And the luck of the draw would certainly get you through the earlier rounds. Being the next to go after the lad who kicked a ball as hard as Stuart Pearce (and actually looked like Stuart Pearce) was a death sentence. You might luck a ball back on the volley – headers were allowed, too – but most likely you were watching his rebound vanish over the horizon or at best slicing your rash shot against the Sixth Form lounge window or onto the roof, which meant a derring-do leg up and climb to retrieve it. This risked the ultimate penalty of detention, possibly suspension, if caught walking across those fragile tiles laden with asbestos.

Despite the variables, the ultimate victors tended to be the best players, and not just the lads who whacked it like Psycho. There were nuances to the game that could be exploited by the John Barnes wannabes, such as delicately chipping it onto the top of the wall, which was about 1.5 metres high, and landing the ball behind the target brickwork. The only shot out of this conundrum was a chip to land the ball again on the top of the wall. Still now I recall a couple of bizarre scoops that stopped dead on the top of the wall, meaning the ball was live and could be fired in any direction by the next player.

I'm hoping that by describing the intricacies of our chosen smoke-break game I might explain my lack of academic application, in Humanities at least. And this wasn't even the best version of our beloved wall ball.

Skiving lessons was a crime only committed by the hardcore bad lad, so the game numbers never got out of hand. However, at break times the wall ball arena could be packed with a dozen kids or more all wanting action. It would be tedious waiting for a turn with such a large group, so we created double wally, where pairs of players had one kick each to return the ball to the brickwork. This adaptation developed its own strategies and skills, with the aim of the first players' touch to get the second player as close to the wall as possible, giving the option of firing the ball away at a sharp angle or attempting that magical chip onto the top of, and ultimately behind, the wall.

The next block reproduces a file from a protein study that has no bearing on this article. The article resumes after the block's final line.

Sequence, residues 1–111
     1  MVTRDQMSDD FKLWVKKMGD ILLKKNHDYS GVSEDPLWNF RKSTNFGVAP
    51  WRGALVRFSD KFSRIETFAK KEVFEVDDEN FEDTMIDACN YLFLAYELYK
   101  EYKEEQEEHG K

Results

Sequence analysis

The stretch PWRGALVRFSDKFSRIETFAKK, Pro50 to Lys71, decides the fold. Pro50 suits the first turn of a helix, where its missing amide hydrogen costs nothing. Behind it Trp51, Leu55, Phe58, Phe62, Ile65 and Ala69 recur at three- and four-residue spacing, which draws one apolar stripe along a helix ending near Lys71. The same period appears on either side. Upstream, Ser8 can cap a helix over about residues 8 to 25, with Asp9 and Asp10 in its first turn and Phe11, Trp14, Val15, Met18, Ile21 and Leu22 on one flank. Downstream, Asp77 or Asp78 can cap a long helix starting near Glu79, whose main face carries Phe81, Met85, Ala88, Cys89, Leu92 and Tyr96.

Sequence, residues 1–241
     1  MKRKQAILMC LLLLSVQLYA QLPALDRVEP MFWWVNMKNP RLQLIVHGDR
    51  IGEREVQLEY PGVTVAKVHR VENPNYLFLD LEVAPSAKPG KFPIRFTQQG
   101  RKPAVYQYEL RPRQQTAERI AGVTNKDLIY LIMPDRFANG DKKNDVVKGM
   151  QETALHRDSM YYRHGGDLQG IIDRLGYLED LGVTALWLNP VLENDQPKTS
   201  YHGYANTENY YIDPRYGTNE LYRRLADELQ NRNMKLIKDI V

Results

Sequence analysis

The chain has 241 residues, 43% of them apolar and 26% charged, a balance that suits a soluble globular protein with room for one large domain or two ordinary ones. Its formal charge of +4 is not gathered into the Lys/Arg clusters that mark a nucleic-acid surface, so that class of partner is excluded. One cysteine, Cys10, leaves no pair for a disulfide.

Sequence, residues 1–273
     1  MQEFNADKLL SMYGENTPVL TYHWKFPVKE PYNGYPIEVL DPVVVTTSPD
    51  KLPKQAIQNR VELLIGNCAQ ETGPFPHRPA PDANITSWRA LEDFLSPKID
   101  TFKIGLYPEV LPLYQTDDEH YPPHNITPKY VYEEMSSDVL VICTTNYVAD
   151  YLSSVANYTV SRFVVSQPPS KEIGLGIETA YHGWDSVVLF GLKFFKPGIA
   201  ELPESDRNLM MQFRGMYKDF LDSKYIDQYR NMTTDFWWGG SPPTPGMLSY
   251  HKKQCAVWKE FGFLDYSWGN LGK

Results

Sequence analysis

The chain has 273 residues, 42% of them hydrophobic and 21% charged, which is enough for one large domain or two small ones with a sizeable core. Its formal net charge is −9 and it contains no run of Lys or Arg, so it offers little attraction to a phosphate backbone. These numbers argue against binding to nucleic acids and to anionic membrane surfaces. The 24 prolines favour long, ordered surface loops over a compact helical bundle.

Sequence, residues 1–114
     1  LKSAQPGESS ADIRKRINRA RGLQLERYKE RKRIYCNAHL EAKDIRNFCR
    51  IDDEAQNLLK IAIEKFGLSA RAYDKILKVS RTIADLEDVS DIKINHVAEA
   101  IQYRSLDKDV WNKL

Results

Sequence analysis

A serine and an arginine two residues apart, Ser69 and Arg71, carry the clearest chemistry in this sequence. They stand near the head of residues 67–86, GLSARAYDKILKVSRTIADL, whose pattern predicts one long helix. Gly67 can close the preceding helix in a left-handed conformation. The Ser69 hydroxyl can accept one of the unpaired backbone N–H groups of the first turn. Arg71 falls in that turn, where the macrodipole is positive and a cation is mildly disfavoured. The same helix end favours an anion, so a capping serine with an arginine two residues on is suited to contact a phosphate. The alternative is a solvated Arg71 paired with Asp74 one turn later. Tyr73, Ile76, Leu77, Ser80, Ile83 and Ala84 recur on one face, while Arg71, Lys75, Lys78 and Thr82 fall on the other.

These 'two-touch' goes also meant more 'assassination shots', as it was often worth belting the ball at the large group. Even if your bullet ball flew off target your partner had a second chance at making the wall or yet another missive at one of the waiting players – of which the braver would bait the kicker into aiming at them, hoping to draw a wayward shot in the opposite direction of the wall and guaranteeing a harangue of insults from the rest of the gang.

Despite the skills our break-time sport would develop, you might argue we should've been playing proper football instead, rather than aiming at a wall. Well, we did, and I've previously written in The Blizzard about how our thug school team played one game which turned into a brawl and then permanent abandonment.

Wall ball required no teachers and it was refereed by debate, colourful argument and eventually who was the hardest. And what sport allows you to pass a fag around while you're on the pitch? Okay, I should've gone to that Humanities class a bit more and that Humanities teacher could've been more responsible for his students. Yet what remains vivid from my school days isn't sitting in a sodium-lit classroom with a pissed off teacher, but wall ball with the lads, some of whom ended up homeless, drug-addicted and/or in prison. Was it the fault of wall ball? Hardly. These were happy times before a hard life for certain friends and rather than berate history for what could've been if our education had been better or we'd been better students, I'd rather think back to the laughs we had while taking it in turns to kick a football at some bricks and the particular thrill of bending a shot from the bottom of that impossible slope near the tennis courts, curving it back on the wind and hitting the wall.